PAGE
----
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Cornucopia: The Pace of Economic Growth in the Twentieth Century

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  • J. Bradford DeLong

Abstract

There is one central fact about the economic history of the twentieth century: above all, the century just past has been the century of increasing material wealth and economic productivity. No previous era and no previous economy has seen material wealth and productive potential grow at such a pace. The bulk of America's population today achieves standards of material comfort and capabilities that were beyond the reach of even the richest of previous centuries. Even lower middle-class households in relatively poor countries have today material standards of living that would make them, in many respects, the envy of the powerful and lordly of past centuries.

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Paper provided by National Bureau of Economic Research, Inc in its series NBER Working Papers with number 7602.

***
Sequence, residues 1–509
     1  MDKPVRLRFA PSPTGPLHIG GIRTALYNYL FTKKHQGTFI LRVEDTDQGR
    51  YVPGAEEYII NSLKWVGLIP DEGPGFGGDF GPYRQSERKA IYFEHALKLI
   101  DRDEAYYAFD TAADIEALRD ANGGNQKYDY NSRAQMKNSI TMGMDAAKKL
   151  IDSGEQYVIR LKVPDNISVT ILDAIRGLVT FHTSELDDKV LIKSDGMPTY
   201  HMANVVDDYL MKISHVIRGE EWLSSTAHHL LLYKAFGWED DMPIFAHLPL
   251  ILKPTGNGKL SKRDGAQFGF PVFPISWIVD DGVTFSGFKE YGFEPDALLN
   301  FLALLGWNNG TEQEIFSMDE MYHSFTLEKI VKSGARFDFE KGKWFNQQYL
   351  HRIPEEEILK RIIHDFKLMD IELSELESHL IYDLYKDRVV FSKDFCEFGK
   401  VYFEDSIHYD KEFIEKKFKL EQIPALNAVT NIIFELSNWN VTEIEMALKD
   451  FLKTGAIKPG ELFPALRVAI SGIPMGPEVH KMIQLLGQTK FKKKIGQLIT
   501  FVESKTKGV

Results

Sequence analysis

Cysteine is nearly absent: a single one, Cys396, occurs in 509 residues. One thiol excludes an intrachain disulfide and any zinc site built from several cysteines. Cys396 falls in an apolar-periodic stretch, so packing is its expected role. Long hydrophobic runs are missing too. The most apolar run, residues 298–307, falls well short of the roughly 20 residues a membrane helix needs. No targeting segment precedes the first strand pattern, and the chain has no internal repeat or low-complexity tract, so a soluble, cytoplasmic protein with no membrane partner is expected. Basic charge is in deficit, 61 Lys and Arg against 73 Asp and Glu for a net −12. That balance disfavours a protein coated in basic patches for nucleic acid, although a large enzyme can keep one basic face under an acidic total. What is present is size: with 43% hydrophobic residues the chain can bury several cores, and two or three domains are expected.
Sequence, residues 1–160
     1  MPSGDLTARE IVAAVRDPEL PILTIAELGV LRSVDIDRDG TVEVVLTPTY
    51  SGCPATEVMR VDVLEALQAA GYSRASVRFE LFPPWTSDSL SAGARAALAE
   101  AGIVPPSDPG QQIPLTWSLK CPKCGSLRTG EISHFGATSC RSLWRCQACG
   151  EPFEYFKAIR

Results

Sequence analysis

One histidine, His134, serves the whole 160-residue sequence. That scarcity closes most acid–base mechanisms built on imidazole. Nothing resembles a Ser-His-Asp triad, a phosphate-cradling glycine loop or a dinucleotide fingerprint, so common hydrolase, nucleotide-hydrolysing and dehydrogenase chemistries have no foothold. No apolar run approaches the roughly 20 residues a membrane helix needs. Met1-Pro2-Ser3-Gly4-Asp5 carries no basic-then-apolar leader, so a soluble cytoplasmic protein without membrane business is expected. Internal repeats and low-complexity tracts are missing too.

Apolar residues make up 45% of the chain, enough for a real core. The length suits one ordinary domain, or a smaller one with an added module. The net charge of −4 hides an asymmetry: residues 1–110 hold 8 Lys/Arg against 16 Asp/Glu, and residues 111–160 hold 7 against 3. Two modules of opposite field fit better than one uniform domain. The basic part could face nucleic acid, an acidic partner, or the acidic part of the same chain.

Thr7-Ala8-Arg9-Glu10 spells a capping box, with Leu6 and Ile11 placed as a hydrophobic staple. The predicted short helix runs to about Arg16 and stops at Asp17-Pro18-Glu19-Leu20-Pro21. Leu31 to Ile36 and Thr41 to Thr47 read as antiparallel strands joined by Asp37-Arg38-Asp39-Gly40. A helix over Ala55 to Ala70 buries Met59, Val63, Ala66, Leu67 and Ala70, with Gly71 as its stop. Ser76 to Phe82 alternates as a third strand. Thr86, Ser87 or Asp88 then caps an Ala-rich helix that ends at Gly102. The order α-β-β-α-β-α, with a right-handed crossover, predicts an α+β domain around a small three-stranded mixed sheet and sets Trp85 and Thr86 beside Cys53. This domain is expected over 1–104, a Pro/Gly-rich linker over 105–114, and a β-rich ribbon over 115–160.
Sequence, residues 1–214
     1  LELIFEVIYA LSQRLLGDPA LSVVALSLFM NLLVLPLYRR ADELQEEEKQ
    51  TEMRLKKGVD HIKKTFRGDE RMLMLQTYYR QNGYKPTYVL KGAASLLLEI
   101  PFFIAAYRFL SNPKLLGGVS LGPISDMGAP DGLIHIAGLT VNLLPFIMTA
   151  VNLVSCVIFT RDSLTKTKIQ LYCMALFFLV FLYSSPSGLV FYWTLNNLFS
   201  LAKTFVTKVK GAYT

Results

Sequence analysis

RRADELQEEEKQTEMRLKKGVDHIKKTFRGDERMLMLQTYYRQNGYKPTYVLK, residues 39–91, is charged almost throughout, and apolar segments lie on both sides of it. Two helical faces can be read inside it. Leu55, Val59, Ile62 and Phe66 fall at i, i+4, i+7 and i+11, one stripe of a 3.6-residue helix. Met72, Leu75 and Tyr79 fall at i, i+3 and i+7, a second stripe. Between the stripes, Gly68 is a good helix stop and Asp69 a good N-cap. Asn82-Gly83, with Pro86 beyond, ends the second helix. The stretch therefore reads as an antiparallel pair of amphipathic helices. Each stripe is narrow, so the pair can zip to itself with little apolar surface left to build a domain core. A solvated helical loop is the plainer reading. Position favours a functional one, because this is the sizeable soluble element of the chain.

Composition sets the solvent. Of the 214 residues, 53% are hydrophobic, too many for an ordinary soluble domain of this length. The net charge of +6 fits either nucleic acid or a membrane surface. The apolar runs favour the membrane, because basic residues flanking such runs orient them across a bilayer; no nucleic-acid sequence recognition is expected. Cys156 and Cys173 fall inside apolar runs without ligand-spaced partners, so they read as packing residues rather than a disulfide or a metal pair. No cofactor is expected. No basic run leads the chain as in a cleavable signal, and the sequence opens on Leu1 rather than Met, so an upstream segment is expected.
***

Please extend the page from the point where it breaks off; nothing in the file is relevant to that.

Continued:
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Date of creation: Mar 2000
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Handle: RePEc:nbr:nberwo:7602

Note: DAE ME
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Cited by:
  1. Crafts, Nicholas, 2011. "Economic History Matters," CAGE Online Working Paper Series 58, Competitive Advantage in the Global Economy (CAGE).
  2. Gerben Bakker, 2004. "At the origins of increased productivity growth in services. Productivity, social savings and the consumer surplus of the film industry, 1900-1938," Economic History Working Papers 22348, London School of Economics and Political Science, Department of Economic History.
  3. Hickson, Kerry Jane, 2009. "The contribution of increased life expectancy to economic development in twentieth century Japan," Journal of Asian Economics, Elsevier, vol. 20(4), pages 489-504, September.
  4. repec:cge:warwcg:57 is not listed on IDEAS

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